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Walter E. Ransom The prominent educator whose name forms the caption of this article is a native of the Empire state, born November 10, When he was thirteen years old he accompanied the remainder of the family to Michigan, where he completed the educational discipline he had already begun in the commonwealth of his nativity. He graduated from Olivet College, taking the degree of master of arts, and, that he might be thoroughly equipped for the duties of his chosen profession he also took a course in the state normal school, completing the curriculum of the latter institution in Thus fortified, he began teaching in Michigan and for twelve years thereafter he was one of the leading educators of that state.

He served in the capacity of principal in the schools of Lowell, Cheybogan and St. Louis, and also held several other important positions. In Prof. Ransom came to the state of Washington to accept a position as principal of the high school at Vancouver, and after retaining this post for over three years he became superintendent of the city schools of Snohomish, of which position he was an incumbent for another period of three years.

In he was elected to the superintendency of the Colfax City schools, and since that date he has been devoting himself with assiduity and zeal to that work, bringing to his labors a ripe scholarship and experience. He is undoubtedly accomplishing very much for the advancement of the cause of thorough education in Whitman County's central city and this entire section of the country may consider itself fortunate in having within it an educator of his qualifications and abilities.

In fraternal affiliations Prof. Ransom belongs to the Knights of Pythias and the Modern Woodmen of America, and in religious persuasion he is a Congregationalist. White, and they have one son, Will H. John M. Reed Prominent in the governmental affairs of two states, and active in the promotion of the agricultural and all other interests of Whitman County during the many years of his residence here, a man who has enjoyed marked preferment in the gift of the people and has proven true to his trust in every instance, a man who has so ordered his life as to win and retain the esteem and regard of his fellows, Mr.

Reed is certainly deserving of representation in any volume whose province includes a biographical review of the eminent men of the state or any portion thereof, and we could hardly escape the imputation of inconsistency were there failure to make brief mention of the salient points in his eminently useful and successful career. Our subject is a native of Missouri, born December 8, When he became five years old his parents took him to Arkansas, and near Fayetteville, that territory, he grew to manhood and acquired his educational discipline. His early environment was such as to lead him to sympathize with the south during the war of the Rebellion, and on July 4, , he took up arms in defense of that cause.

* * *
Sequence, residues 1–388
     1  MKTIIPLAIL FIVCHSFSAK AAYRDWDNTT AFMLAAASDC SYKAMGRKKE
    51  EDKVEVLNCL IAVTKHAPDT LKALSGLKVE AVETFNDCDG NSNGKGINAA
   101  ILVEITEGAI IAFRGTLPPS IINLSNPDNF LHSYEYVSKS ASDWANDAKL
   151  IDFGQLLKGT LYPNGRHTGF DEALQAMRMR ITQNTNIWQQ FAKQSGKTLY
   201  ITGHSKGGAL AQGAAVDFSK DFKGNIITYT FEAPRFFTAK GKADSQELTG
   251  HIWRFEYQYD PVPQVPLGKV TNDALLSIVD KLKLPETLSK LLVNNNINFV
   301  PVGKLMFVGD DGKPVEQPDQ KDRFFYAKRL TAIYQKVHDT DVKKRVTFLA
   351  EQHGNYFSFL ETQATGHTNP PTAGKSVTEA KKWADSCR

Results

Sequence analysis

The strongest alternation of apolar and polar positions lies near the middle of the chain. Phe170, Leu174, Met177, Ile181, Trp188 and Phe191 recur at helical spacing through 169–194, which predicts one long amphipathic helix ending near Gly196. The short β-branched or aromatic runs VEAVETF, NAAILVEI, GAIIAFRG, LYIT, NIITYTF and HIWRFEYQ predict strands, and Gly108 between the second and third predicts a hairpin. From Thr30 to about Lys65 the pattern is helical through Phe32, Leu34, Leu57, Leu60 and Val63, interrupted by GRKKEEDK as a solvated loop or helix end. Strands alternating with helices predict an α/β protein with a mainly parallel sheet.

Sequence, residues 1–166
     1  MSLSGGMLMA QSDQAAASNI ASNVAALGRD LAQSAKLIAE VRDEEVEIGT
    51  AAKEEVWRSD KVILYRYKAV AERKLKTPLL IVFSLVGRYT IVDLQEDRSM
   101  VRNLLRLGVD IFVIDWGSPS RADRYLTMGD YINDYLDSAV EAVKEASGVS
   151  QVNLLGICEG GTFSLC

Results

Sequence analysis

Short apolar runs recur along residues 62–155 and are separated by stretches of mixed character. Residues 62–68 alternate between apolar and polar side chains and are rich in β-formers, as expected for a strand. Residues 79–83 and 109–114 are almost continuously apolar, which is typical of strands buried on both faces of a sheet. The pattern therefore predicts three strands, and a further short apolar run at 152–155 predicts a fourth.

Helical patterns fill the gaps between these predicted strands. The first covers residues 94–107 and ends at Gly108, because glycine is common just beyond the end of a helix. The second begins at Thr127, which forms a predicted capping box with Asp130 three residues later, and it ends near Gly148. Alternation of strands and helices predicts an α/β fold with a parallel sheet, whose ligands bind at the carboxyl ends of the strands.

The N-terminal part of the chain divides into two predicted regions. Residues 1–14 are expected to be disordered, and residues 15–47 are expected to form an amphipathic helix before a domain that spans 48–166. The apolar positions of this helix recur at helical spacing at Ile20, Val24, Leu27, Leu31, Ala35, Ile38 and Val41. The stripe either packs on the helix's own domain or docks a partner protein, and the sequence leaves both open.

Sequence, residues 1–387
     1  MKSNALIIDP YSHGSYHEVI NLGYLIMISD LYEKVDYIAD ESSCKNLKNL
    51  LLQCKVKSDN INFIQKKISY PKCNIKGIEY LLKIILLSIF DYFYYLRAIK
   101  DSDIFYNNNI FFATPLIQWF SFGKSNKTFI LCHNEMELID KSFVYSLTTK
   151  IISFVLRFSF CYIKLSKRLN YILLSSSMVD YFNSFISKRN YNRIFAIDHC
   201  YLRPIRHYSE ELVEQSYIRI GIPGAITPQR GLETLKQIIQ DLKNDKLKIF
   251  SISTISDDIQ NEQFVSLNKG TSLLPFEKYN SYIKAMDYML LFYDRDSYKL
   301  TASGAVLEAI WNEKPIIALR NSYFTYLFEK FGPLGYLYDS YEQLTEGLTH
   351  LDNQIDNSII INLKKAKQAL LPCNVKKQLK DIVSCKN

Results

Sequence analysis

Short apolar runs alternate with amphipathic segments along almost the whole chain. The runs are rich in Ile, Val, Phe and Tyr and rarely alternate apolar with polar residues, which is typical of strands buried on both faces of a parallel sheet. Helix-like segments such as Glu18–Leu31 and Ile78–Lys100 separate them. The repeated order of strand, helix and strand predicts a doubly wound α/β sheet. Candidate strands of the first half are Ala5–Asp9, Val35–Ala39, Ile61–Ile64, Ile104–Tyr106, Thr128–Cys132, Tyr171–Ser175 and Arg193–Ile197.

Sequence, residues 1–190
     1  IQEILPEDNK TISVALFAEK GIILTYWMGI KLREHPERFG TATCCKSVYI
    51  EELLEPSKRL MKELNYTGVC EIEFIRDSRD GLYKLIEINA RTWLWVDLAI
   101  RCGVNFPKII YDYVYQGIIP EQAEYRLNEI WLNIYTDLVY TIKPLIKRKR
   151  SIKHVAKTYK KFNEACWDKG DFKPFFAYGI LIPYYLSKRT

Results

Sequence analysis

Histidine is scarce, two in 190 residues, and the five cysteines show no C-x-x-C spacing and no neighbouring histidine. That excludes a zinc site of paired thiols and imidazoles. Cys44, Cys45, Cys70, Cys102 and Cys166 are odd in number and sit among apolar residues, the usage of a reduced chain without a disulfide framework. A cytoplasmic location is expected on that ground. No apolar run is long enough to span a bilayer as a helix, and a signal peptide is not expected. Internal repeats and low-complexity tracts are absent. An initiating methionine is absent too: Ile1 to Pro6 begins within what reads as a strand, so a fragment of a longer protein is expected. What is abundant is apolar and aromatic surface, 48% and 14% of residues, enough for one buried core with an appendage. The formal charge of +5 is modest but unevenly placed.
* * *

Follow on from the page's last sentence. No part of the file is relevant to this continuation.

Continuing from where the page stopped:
He was a member of the militia for a while, but in he became a soldier in the Confederate army, and from that date until the close of the war his fortunes were linked with those of the sunny south. He participated in the battle of Wilson Creek, the engagement at Little Rock, Arkansas, the battle of Prairie Grove, and numerous other engagements and skirmishes.

Once he was slightly wounded. Upon retiring from the army he visited his family, which had moved to Texas, then returned to Arkansas and engaged in farming. In he came to Oregon, Clackamas County, where he followed farming. It was here that his splendid abilities first gained recognition, and in he was elected to the state legislature, his re-election following in At one time of his service in the Oregon house three-fourths of the state legislature were natives of Missouri. It was during one of his terms that Senator Grover was elected.

In Mr. Reed moved over to Whitman County and located on land five miles southeast of Oakesdale, where he now lives. By the use of his timber-culture privileges and the purchase of railroad land he became the owner of two hundred and forty acres, and upon this generous tract he has lived and farmed ever since, realizing very gratifying .

In addition to his rural realty he has some town property in Oakesdale. Since residing here, also, our subject has been very active in county and state political matters. For four years he occupied a seat on the board of county commissioners, and he has the honor of having been one of the framers of the state constitution, having been elected to the convention by the Democrats and Independents.

In every other way in his power he has contributed to the upbuilding of county and state, promoting with zeal and energy every cause which he believed for the best interests of either. In the Farmers' Alliance he was for many years an active worker. He also has the distinction of having been chairman of the first Populist state convention. For many years he has been a preacher in the Cumberland Presbyterian Church, and he was one of the founders of the church of that denomination in his vicinity.